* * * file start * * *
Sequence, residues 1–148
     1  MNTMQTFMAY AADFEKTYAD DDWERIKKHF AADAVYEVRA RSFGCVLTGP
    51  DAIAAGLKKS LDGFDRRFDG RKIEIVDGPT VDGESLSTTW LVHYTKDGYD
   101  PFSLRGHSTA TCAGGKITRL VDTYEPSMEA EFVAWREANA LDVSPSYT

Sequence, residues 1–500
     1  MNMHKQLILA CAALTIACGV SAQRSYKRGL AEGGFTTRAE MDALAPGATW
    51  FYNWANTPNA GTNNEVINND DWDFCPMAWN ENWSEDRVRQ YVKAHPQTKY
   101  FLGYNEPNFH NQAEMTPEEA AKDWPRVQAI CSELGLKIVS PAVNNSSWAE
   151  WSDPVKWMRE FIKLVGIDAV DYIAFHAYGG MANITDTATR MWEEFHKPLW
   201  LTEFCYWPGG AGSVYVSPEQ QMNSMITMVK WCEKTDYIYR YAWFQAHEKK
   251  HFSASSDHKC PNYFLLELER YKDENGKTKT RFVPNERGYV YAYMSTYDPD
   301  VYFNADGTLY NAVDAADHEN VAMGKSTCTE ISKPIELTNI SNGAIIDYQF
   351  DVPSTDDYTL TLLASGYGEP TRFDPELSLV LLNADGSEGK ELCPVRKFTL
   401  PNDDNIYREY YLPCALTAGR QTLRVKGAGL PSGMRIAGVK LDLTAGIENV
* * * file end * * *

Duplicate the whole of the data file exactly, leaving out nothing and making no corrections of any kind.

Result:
Sequence, residues 1–148
     1  MNTMQTFMAY AADFEKTYAD DDWERIKKHF AADAVYEVRA RSFGCVLTGP
    51  DAIAAGLKKS LDGFDRRFDG RKIEIVDGPT VDGESLSTTW LVHYTKDGYD
   101  PFSLRGHSTA TCAGGKITRL VDTYEPSMEA EFVAWREANA LDVSPSYT

Sequence, residues 1–500
     1  MNMHKQLILA CAALTIACGV SAQRSYKRGL AEGGFTTRAE MDALAPGATW
    51  FYNWANTPNA GTNNEVINND DWDFCPMAWN ENWSEDRVRQ YVKAHPQTKY
   101  FLGYNEPNFH NQAEMTPEEA AKDWPRVQAI CSELGLKIVS PAVNNSSWAE
   151  WSDPVKWMRE FIKLVGIDAV DYIAFHAYGG MANITDTATR MWEEFHKPLW
   201  LTEFCYWPGG AGSVYVSPEQ QMNSMITMVK WCEKTDYIYR YAWFQAHEKK
   251  HFSASSDHKC PNYFLLELER YKDENGKTKT RFVPNERGYV YAYMSTYDPD
   301  VYFNADGTLY NAVDAADHEN VAMGKSTCTE ISKPIELTNI SNGAIIDYQF
   351  DVPSTDDYTL TLLASGYGEP TRFDPELSLV LLNADGSEGK ELCPVRKFTL
   401  PNDDNIYREY YLPCALTAGR QTLRVKGAGL PSGMRIAGVK LDLTAGIENV